I have no issue with getting calcium sulphate to dissolve in my liquor without using a blender, this is I suspect because I have very soft (almost RO) water, and so the limited solubility of [u]calcium[/u] salts is not an issue. For brewers in hard water areas then more extreme measures must be taken. Gypsum is important because it provides calcium which is required in the mash to drop the pH, however as part of this reaction it is removed from the mash as it forms calcium phosphate ([b]VERY[/b] insoluble . . . unless you are talking [url=http://en.wikipedia.org/wiki/John_George_Haigh]concentrated acids[/url] ;) ) It also provides sulphate which is a 'flavour' ion, making the beer appear dryer and more bitter.
[/quote]

Aleman's advice is a harbinger of that excessive mineralization aspect I mention above. If you can't get gypsum to dissolve with typical stirring, your water probably doesn't need any more calcium.

[quote="Aleman"]
[b]Magnesium Sulphate (Epsom Salt)[/b]: Add to wort boil.
Magnesium is a vital element for yeast metabolism, however does not play a part in the mash reactions (not strictly true as it will react with phosphate to perform insoluble magnesium phosphate, but less preferentially than calcium), and therefore is best added to the boil, where it also provides that flavour ion sulphate.

[b]Sodium Chloride (Common Salt)[/b]: Add to wort boil.
Humph! Sodium does not play any part in brewing reactions, and therefore does not really need to be added to any brewing liquor. The added chloride is useful however as it is another of the 'flavour' ions, this time contributing to palate fullness and malty flavours. Sodium does act as a flavour enhancer and so up to 50ppm could be considered acceptable . . . beyond 150ppm it starts to get objectionable though. . . . London waters have very high levels of sodium, which determined the styles brewed there until basic water treatments came along, and so adding more should be avoided
[/quote]

Aleman is quite correct that magnesium is a vital element for yeast. Fortunately, a malt wort will have plenty of Mg to supply the yeast's nutritional needs. That Mg is bound in the malt compounds and doesn't participate in a flavor active role, so having ionic Mg in the brewing liquor may be desirable if the brewer wants that ion's sour, bittering character in the finished beer. That is good in a pale ale, but may not be desirable in a malty lager.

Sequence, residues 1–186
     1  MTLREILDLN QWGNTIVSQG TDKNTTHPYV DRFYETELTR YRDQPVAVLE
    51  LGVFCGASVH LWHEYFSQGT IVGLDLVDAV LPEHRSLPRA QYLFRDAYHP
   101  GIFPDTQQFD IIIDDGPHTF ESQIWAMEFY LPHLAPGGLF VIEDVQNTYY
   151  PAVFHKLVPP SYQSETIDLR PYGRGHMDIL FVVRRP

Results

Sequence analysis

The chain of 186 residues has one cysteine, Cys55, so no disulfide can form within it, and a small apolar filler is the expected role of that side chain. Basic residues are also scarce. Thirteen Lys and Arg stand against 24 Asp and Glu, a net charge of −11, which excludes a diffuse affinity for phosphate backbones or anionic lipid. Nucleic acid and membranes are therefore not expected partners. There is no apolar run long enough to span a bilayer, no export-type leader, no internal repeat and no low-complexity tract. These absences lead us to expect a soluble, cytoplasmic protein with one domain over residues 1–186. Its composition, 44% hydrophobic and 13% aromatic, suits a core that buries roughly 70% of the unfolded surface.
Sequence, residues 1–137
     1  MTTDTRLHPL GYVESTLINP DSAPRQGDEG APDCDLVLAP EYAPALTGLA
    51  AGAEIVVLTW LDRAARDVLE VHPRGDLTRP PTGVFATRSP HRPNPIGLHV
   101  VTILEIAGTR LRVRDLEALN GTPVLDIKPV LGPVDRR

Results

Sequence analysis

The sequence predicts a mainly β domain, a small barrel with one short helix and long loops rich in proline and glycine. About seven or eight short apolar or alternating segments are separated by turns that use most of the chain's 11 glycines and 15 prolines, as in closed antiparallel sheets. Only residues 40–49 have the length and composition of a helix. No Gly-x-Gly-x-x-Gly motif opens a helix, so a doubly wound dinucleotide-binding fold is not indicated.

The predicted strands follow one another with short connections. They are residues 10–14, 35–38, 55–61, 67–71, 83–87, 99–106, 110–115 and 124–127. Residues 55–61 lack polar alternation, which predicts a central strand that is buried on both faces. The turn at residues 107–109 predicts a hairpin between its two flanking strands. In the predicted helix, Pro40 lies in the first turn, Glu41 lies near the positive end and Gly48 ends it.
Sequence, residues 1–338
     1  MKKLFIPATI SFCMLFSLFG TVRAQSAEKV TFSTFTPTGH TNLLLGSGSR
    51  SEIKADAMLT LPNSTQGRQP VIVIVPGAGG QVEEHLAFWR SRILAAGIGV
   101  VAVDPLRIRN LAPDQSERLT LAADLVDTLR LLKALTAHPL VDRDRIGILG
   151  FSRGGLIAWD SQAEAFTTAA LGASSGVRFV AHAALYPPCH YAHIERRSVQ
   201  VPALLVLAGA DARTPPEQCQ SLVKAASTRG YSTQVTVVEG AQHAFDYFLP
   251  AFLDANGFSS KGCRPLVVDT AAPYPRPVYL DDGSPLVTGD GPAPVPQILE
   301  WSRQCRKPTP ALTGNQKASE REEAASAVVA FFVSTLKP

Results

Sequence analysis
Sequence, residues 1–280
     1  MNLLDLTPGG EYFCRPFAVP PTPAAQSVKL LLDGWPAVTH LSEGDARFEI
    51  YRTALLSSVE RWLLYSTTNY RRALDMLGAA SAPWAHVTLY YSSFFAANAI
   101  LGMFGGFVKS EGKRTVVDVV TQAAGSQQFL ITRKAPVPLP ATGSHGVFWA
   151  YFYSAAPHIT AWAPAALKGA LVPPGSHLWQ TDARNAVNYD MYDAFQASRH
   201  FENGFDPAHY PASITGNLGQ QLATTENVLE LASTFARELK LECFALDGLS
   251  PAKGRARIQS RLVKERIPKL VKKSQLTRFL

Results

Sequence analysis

Magnesium does play a part of mash pH chemistry, so it can be desirable in the mashing water if the water alkalinity is high and magnesium's effect on depressing Residual Alkalinity is desired.

[quote="Aleman"]
[b]Calcium Carbonate[/b]: Add to grist.
Does not dissolve at all except in acidic solutions, hence the recommendation to add to the grist . . . However, I suspect that as the phytin reaction proceeds Releasing phosphate and hydrogen ions, the calcium carbonate dissolves, and then the calcium reacts with the phosphate which is deposited around the grains of calcium carbonate preventing further reaction. One method I have used to get it into solution (Thanks Wallybrew) is to take 100g of CACO3 and add it to 10L of water in a corny . . . gas it up to 60psi and force carbonate the living daylights out of it. . . . Filter, and add to liquor in HLT . . . Measure Alkalinity, adjusting downwards if too high, then mash in.

[b]Calcium Chloride (dihydrate)[/b]:
Again a very useful compound, providing calcium for the mash reactions (and as mentioned important boil and fermentation reactions) and chloride for flavour. . . . used when you need to add calcium without increasing sulphate content, and as such can be added to the mash or the boil, remembering of course that if it is added to the mash not all the calcium will make it into the boil, due to the precipitation reaction with phosphate.[/quote]

My findings and those of hundreds of other brewers that monitor their mash pH show that calcium carbonate (chalk) does not dissolve in water nor the mash in a timely manner. Therefore, it does not provide the calcium or alkalinity that the chalk was intended to provide. I've heard from many brewers that start with very low alkalinity water and they have used chalk in their mash to help avoid an excessive mash pH drop when they were brewing with acidic grists like porter and stout. They found their mash pH was not up in the desired range of 5.2 to 5.6, it was much lower. When they input their water and grain information into Bru'n Water software, they found that the predicted mash pH more closely matched the measured mash pH when the chalk addition was deleted from Bru'n Water. That indicates that chalk participates very little in the mash chemistry.